Chiggers like to hang out in places where the ground is shaded such as tall grass, places where leaves are gathered, etc. So it’s a good idea to keep your lawn maintained. Although chiggers can still be present in a manicured lawn, they really don’t care for shorter grass.
If you must venture out beyond your yard, keep in mind that after a chigger gets onto your skin it crawls to the tightest space it can reach before settling in for a meal. Many times that’s your sock lines or the waistband of your pants.
So it’s recommended to keep them off your skin that you wear loose-fitting clothes. And they should be made of tighter-weave fabrics to keep chiggers from just going through the cloth.
And be sure to cover as much skin as you can – wear long pants and long-sleeved shirts. Button up that collar & those sleeves. And some even suggest tucking your pants into your boots or socks.
Powdered Sulfur or DEET Sprays
Different applications will work better for different people, so you’ll want to decide what works best for you. But I’ll share what works best for us:
Of course RancherMan & I are not always able to stay in our yard for our work here on the Homestead. The bees must be tended to, as well as the cattle & chickens. Fences must be mended and tractor mowing must be done. There are many times each and every day when we must go boldly off the beaten path to work our beloved Homestead.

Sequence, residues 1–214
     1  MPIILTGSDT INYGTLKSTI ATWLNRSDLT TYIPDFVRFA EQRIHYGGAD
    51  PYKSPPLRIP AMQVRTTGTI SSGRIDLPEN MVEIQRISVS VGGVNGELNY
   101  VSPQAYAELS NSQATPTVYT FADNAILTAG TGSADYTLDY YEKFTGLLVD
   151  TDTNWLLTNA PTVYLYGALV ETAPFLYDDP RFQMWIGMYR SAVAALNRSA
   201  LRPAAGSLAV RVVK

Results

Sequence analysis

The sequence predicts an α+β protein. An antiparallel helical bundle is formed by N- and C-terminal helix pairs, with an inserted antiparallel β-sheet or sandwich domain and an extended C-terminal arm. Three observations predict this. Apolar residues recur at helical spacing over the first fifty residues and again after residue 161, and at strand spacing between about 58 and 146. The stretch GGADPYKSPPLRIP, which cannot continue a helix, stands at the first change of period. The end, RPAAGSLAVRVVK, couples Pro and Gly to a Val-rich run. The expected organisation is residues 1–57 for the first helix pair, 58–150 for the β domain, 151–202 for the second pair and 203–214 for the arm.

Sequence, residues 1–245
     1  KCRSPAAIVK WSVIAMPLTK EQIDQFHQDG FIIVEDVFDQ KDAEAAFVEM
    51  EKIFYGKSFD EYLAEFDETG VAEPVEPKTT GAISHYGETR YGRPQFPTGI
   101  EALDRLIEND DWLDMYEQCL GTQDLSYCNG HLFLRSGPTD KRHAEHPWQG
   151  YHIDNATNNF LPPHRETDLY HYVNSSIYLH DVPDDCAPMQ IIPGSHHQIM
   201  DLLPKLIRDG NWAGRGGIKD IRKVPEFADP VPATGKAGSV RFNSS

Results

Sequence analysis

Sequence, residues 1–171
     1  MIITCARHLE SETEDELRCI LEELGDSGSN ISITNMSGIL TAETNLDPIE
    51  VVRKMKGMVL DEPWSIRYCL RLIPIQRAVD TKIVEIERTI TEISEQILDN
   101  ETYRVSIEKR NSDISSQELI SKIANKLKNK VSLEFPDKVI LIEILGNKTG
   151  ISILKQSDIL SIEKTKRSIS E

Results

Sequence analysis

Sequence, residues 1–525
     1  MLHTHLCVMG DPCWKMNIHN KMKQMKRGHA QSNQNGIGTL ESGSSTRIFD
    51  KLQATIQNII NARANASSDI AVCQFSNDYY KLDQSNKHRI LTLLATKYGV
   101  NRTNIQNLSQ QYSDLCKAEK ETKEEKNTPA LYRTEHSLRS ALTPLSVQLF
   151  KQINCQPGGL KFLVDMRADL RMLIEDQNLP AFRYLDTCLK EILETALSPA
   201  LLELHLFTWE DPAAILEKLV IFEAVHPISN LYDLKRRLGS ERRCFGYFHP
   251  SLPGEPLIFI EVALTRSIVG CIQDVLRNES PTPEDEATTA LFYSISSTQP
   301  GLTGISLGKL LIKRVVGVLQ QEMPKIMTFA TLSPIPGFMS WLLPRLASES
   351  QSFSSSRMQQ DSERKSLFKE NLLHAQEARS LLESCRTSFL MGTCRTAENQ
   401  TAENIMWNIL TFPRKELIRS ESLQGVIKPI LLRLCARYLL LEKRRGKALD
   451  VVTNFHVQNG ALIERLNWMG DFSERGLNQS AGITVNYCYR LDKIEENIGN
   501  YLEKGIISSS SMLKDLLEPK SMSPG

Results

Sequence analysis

If I’m only going to the beehives, I’ll simply sprinkle my shoes and pant legs with powdered sulfur.
I administer the powdered sulfur like the old-timers do, putting the sulfur powder in an old sock and closing by tying a knot on top. I just take that sulfur-filled sock and tap it on my shoes and pant legs and I’m ready to go.
When I know we’ll be out in the taller grass pastures, I’ll spray my boots and pant legs with a deet product such as ‘Off’. To me it’s a helpful product, but I’m not a big fan of chemicals. So I use it only as a last resort. But it has been very effective when it’s been used.
How To Avoid Chigger-Bite Itching
So, you forgot to take precautions and you’re afraid you’ll suffer the itchy consequences? Well if you act quickly you can oftentimes reduce both the volume and severity of those chiggers.
Wash Chiggers Away: Your very first line of defense is to wash them away before they get a chance to dine off your ankles and waistline! So as soon as you come back inside you can immediately take a hot, soapy shower and scrub your skin vigorously with a washcloth.
That should help dislodge the chiggers and wash them away. If they’ve already injected you with their enzymes you may still get some itchy bumps but at least they will be fewer.
Wash Your Clothes: And don’t forget there could be lots of tiny almost microscopic chiggers hitching a ride on those jeans you were wearing.
So be sure to wash all clothing before wearing it again or you’ll just be introducing those chiggers to another all-you-can-eat buffet.